I DON'T KNOW if she set out to, but Aisha Tyler wrote herself a sweet little self-help book with Self-Inflicted Wounds. With renaissance fervor (she just happens to do and be good at everything—she's an author, talk-show host, TV star, podcaster, and stand-up comedian), she's written a series of essays that dig deep into her rich back catalog of humiliating blunders and miscalculations. While the slim collection is definitely humorous, beneath the tales of passing out at parties and setting her house on fire, Tyler gives a masterful pep talk that goes something like this: "Don't think. Do. Even if it means you're going to wet yourself." And her verve is irresistible.

On Tyler's popular podcast, Girl on Guy, she has a segment called "Self-Inflicted Wounds" where famous guests tell embarrassing stories from their past. Now with this, her second book, she turns the spotlight on her own mortifications. As Tyler says, "Comedians love a good story. Unnaturally so. So much so, in fact, that we will subject ourselves to any amount of self-torture and humiliation to get it." In short chapters like "The Time I Got Drunk the Night Before Taking the SAT" and "The Time I Wore that Awful See-Through Dress," she creates a mélange of autobiography, ribald storytelling, and butt-clenching cautionary tales. They're not the garden-variety skirt-tucked-in-tights stories, either. Tyler is fearless and has been from the get-go and she's always been an odd duck (she was a big-boobied vegetarian black giant at the tender age of eight, with her nose ever-stuck in a sci-fi book), so her tales are particularly mortifying. Oh, like the time her dad gave her $60 to take a boy out on a date and she asked him at school... when she was 10 years old.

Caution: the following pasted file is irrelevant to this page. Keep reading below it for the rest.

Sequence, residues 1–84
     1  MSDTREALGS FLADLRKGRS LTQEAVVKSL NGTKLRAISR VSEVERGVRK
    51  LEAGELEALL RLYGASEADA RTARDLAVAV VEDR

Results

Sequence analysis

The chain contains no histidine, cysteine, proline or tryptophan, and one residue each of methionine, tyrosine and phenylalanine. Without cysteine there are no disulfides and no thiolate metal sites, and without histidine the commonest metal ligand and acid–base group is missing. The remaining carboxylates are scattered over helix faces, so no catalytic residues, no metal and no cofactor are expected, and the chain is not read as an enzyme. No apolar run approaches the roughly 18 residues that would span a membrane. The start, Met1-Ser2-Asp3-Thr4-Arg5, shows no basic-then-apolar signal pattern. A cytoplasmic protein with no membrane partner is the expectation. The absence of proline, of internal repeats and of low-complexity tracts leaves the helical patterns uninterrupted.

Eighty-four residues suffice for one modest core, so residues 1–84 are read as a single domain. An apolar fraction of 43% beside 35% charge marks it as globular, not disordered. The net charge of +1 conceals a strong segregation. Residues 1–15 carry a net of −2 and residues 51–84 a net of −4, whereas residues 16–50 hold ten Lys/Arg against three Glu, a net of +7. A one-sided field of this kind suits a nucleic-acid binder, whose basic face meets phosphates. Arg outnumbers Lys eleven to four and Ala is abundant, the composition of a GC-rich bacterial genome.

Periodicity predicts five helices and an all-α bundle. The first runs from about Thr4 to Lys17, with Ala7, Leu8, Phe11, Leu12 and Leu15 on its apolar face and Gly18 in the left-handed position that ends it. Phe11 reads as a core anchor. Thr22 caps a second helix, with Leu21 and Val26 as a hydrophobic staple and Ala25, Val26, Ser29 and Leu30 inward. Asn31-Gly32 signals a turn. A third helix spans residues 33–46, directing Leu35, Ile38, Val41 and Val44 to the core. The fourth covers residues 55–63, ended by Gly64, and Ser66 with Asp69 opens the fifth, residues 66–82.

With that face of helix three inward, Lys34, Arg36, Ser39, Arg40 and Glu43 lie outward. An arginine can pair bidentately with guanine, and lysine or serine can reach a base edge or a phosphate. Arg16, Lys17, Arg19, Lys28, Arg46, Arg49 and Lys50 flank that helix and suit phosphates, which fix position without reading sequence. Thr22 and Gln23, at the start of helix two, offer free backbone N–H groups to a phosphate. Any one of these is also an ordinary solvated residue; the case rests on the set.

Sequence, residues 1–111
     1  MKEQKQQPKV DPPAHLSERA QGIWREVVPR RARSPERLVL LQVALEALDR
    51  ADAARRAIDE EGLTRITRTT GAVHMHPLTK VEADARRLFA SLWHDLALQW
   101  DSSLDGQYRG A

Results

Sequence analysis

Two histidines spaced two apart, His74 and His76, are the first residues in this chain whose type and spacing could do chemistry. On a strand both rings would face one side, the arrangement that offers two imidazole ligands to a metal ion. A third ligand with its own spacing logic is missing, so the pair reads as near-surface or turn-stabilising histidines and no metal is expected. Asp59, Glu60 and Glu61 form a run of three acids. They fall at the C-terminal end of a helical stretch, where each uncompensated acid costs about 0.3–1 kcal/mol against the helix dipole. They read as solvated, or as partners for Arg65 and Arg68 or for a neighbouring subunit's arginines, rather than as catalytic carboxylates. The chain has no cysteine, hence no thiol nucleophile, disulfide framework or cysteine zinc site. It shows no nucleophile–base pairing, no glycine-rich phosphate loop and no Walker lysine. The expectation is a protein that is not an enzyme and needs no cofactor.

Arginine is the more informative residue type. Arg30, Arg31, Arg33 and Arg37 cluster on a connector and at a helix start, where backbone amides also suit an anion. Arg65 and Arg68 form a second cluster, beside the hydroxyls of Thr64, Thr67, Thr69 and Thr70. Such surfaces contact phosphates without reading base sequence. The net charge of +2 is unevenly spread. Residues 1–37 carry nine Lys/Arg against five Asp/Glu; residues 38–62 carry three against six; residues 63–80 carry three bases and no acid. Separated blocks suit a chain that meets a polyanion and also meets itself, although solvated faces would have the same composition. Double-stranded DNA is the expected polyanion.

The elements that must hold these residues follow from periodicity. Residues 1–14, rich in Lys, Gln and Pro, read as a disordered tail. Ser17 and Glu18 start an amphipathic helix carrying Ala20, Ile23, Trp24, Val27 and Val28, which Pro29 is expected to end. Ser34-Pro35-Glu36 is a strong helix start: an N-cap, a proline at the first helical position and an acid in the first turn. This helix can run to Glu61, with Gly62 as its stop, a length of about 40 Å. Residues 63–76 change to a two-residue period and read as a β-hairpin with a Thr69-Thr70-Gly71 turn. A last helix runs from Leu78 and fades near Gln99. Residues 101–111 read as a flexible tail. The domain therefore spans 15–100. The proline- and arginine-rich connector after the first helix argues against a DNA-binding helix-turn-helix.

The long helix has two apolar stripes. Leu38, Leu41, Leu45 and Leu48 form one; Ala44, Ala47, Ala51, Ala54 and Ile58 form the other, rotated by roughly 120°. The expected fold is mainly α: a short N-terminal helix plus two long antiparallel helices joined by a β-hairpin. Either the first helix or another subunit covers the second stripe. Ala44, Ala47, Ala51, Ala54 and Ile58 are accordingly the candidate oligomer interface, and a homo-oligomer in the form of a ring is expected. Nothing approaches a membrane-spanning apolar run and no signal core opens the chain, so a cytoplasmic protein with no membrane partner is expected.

Because the phrase "life lessons" is synonymous with "the time I puked on a boy," Self-Inflicted Wounds is as earnest and crushing as it is funny. Tyler is whip-smart, nerdy, and charmingly self-deprecating, especially as she's espousing the virtues of just jumping in and doing shit. Her morale boosters work, too—by the end, grabbing life by the balls and doing a bit of twisting sounded like just the ticket—if not for the resultant foot-in-mouth and broken elbows, at least for the ridiculous and great stories that come from fortune favoring the bold.